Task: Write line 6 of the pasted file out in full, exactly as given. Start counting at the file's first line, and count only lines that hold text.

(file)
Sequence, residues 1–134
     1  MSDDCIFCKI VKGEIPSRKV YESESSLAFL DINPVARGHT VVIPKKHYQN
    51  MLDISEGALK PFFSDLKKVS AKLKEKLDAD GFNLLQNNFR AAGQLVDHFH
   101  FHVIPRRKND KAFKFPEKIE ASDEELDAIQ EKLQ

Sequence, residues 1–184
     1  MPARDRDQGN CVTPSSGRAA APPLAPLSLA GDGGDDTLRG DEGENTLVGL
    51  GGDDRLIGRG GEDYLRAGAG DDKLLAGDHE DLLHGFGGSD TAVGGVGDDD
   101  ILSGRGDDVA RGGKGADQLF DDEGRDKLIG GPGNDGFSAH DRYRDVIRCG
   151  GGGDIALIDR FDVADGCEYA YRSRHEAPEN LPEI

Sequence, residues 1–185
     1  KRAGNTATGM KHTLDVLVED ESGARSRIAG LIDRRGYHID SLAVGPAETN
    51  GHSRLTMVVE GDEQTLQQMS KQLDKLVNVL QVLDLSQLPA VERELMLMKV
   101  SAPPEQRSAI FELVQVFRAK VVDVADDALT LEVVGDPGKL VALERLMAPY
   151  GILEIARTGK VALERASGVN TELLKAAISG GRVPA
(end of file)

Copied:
     1  MPARDRDQGN CVTPSSGRAA APPLAPLSLA GDGGDDTLRG DEGENTLVGL